In late February, Business Leaders for Michigan released an urban strategy for Michigan, prepared by Public Sector Consultants and the Brookings Institution Metropolitan Policy Program. The first three steps of our Michigan Turnaround Plan were focused on fixing the basics —adopting good management practices, structurally balancing the budget along with improving the delivery of state services and providing a competitive business environment. Our goals for prioritizing state investments came after those three steps because if you don’t have a sound foundation, your investments won’t have as good a return and your economy won’t grow as much as it should.
Step 5 of the Michigan Turnaround Plan focuses on our cities and metro areas because we believe that healthy urban areas are essential to our state’s long-term well-being. The report begins with a review of current economic conditions and focuses on how to grow the economies of our metro areas with a strong emphasis on innovation and exports as drivers of the next economy. The strategy is based on facts and on the existing strengths and assets of our metro areas and it includes several recommendations our state, cities and metro areas can implement to help strengthen and grow their economies. To read the report, click here.
The report also highlights the strength of our metros compared to their peers across the nation and some of the statistics may surprise you. For example:
- Of the 20 largest U.S. metro areas, Detroit is first in terms of export intensity (the share of its output that is exported)
- Grand Rapids ranks 10th among the 100 largest U.S. metro areas in terms of export intensity, and 10 of Michigan’s 14 metro areas are more export-oriented than the U.S. average
Clearly, exports are a very important piece of the economic picture. As other countries continue to develop and grow, the ability to sell our products to them is a critical component of strengthening and growing our economies. And as the report shows, we are well positioned to build upon our current successes.
The report also reflects the importance of manufacturing—which is good news for Michigan. Everyone knows Michigan has a strong history of manufacturing, but what they may not realize is the connection between innovation and manufacturing. You need a strong manufacturing base in order to grow innovation jobs. And, the data shows that 11 of Michigan’s metro areas have a higher share of manufacturing jobs than the national average or the U.S. metro average.
Talent is another critical piece of the pie. The dynamics of a changing workforce and ensuring workers have the skills required for new jobs heighten the need for strong workforce development systems. Immigrants, older workers and workers with higher education levels and skill sets are all part of the solution.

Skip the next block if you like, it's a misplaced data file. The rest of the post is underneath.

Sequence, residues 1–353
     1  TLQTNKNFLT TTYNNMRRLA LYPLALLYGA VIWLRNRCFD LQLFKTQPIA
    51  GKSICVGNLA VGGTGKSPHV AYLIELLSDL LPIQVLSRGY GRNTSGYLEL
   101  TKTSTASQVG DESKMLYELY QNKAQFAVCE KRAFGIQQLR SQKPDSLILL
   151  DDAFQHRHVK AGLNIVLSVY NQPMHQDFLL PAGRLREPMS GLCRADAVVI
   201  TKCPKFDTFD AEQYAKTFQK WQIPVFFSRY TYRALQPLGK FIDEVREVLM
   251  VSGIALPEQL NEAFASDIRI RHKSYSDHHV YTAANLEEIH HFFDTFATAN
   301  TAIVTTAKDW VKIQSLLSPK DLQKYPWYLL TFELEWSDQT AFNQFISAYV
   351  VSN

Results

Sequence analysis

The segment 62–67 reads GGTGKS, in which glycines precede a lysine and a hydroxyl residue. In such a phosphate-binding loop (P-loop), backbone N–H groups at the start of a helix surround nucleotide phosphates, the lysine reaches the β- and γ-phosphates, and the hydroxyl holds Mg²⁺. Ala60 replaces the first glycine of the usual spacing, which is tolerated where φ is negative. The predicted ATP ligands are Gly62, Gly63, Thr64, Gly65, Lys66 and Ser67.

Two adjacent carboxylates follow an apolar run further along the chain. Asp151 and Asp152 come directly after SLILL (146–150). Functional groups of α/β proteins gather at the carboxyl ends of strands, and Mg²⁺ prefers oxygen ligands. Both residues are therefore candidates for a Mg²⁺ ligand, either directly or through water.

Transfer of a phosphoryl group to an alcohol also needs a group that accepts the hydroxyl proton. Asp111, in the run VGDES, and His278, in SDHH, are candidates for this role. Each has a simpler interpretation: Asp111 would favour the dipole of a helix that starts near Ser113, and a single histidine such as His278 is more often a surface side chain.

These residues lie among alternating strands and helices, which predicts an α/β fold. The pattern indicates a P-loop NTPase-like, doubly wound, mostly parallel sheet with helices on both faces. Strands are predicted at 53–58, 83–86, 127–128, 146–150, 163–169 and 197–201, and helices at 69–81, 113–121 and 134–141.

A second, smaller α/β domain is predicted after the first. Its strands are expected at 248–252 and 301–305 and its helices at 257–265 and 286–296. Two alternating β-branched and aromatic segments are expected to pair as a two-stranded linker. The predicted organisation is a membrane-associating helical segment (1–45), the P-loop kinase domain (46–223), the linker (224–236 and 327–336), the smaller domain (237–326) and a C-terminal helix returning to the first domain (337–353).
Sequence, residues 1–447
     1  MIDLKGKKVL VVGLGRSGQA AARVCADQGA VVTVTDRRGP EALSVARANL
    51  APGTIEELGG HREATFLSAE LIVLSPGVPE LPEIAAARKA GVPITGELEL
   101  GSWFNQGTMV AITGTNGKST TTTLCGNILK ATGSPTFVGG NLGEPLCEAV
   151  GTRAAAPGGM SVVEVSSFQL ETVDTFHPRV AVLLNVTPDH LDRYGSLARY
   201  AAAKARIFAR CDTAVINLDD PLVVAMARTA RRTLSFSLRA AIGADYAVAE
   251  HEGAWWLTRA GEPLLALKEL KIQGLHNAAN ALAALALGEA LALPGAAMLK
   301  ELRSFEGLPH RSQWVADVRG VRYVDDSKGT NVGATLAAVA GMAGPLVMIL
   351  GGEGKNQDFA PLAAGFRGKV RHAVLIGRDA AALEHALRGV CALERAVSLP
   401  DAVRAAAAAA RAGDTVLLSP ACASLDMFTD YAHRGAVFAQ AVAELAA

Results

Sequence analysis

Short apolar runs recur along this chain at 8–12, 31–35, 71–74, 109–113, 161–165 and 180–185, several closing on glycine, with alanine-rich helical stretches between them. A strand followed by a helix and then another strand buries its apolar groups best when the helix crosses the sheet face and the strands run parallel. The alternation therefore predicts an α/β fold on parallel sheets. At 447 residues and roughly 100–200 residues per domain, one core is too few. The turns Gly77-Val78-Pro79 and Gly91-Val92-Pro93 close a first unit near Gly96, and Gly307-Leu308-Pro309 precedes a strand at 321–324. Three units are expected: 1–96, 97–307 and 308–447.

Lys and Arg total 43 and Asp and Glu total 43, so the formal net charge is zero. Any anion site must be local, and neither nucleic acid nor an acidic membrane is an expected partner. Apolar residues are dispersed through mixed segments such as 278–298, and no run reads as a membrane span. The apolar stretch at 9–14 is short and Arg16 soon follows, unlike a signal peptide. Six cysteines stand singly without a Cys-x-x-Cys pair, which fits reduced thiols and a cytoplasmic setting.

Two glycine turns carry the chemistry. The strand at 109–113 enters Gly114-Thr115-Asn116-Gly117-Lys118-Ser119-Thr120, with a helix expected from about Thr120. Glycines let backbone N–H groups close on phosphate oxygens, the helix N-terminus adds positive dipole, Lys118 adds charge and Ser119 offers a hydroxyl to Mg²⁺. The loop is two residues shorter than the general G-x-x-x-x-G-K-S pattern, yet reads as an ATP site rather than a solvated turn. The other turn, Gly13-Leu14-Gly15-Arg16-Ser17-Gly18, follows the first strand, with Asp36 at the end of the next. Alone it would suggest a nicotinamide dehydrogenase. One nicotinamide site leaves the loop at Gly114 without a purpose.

The last section of the report—but perhaps the most important in sustaining long term growth in our cities and metro regions—is called “building the basics.” Just as we believe our state had to get its fiscal house in order before it could move to making investments, the same is true for our cities and regions.
The basics are the foundation upon which all of the strategies in the urban report are built. As citizens, it’s what we should expect and at the same time we should support elected leaders who are focusing on these as their top priorities. It’s critical that our cities and urban areas have:
- sound fiscal management and ethics standards
- effective public safety
- results-oriented redevelopment strategies
- cost-effective and reliable basic services, and
- support for regional solutions
The recommendations in this report are good ones and they offer some solid steps that can be taken to help our cities grow. BUT, if our communities cannot provide basic services and do them well, then the other actions won’t achieve the same results.
There is no silver bullet. There wasn’t a silver bullet to fix our state and there isn’t one to fix our cities. It will require hard work, the courage to make difficult decisions and implement policies and programs that will bear fruit years down the road, the ability to know who and what we are and are not, and the vision and leadership to stay the course. The state has begun that path as have some of our cities and metro areas; now it’s time to help all of them on the same path. What is clear in the report is that we have a solid footing from which to grow—and that’s the best news of all.